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Cup rivals come to Hamlin’s defense over Richmond restart

A trio of NASCAR Cup Series drivers were unfazed Tuesday about the final restart at Richmond Raceway when leader Denny Hamlin fired off early.

“I didn’t see any issue with what happened,” Stewart-Haas Racing’s Josh Berry said. “I’ve raced a lot of short tracks and I’ve raced a lot of different rules — restart lines, restart zones, all these different things — and it’s really easy to completely handicap the leader. I think there’s got to be some flexibility there.”

Hamlin admitted he rolled early because he could see Martin Truex Jr. and Joey Logano lagging back to get a run. As the leader, Hamlin didn’t want to lose his advantage of being the control vehicle, and it was clear on video replay that he took off before hitting the line, which signifies the restart zone.

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“I think the leader is the leader for a reason; he needs to have the right to control the restart and a lot like what Denny said, a lot of the times you’re judging what you’re going to do as the leader based off the car in second, third,” Berry noted. “These guys are laid back trying to time the run — they’re all trying to time it right, and sometimes you’ve got to push the envelope a little bit to basically not end up getting screwed out of the lead. Just in general, I think it’s really blown out of proportion.

“I don’t think it’s that big of a deal. I don’t think there needs to be data and policing. We need to have flexibility, and drivers need to be able to race and make decisions. If you wanted to make a call over a couple of feet of going early in the restart zone or before the restart zone, I think you just as easily make the same call if someone is laid back 3 feet versus 2 feet. I don’t think there’s a big issue with the restarts to me. It’s just blown out of proportion.”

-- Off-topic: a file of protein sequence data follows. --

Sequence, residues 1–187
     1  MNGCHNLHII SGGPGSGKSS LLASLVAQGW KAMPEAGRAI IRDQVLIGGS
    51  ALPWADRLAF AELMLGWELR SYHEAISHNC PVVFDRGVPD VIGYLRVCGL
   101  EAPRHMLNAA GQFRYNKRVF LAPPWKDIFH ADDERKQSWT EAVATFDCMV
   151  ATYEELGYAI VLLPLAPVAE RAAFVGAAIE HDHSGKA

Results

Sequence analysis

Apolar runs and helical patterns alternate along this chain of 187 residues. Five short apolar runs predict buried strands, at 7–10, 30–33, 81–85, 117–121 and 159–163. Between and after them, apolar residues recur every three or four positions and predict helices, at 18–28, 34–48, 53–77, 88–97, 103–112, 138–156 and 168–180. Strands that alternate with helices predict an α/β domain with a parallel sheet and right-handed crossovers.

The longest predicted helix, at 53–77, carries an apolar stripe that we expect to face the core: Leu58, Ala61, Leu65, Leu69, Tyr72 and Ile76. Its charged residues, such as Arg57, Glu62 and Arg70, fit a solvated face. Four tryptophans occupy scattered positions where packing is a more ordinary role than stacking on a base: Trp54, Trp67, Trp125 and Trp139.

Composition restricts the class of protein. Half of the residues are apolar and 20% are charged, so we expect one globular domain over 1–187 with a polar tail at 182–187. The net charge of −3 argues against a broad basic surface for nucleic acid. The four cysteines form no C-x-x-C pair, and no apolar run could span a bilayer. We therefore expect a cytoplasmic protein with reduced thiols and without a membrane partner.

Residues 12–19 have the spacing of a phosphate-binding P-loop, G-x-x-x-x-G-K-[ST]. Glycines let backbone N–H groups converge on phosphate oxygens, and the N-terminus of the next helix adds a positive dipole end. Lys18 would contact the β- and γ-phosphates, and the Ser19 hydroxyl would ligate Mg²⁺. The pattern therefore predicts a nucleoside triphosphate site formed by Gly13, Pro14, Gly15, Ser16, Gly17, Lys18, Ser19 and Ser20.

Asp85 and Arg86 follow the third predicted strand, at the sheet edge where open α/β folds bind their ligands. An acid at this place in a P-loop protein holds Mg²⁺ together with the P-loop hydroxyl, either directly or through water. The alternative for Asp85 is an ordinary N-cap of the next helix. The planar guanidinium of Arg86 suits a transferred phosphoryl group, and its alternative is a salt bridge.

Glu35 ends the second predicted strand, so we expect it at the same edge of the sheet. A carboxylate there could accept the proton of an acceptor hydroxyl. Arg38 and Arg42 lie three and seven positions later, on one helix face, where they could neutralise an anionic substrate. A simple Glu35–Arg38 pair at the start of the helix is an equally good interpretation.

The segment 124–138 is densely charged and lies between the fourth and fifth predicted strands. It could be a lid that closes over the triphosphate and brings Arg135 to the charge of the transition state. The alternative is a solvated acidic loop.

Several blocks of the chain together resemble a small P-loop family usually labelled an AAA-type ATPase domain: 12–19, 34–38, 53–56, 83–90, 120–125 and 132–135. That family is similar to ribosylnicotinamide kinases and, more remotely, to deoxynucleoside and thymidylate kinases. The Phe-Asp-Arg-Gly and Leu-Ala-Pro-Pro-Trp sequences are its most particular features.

Berry’s teammate, Ryan Preece, was just as passionate about the fact that there was no need for a ruling from NASCAR. Preece, who also has a short-track background, agreed the leader is sometimes at a disadvantage with a restart zone.

“You’re at the mercy of if I don’t go at the first line and you wait further into the box, well, what happens if the guy in second goes and has a nose out there and that’s not called?” Preece said. “Well, now you’ve lost the advantage. Or if you wait and then Joey [Logano] rolls up and has momentum on you and pulls out at the start/finish line, you get put three-wide going into Turn 1. It’s a lose-lose situation.

“So, at the end of the day that’s racing. I would have done the same thing (as Hamlin).”

Both agreed Hamlin did what he had to do. Sunday night, in the immediate aftermath, NASCAR senior vice president of competition Elton Sawyer said it was “awful close” but the restart was good. Tuesday morning, during his weekly appearance on SiriusXM NASCAR Radio, Sawyer admitted that Hamlin went early, and if it had been earlier in the race, it would have been dissected and reviewed differently.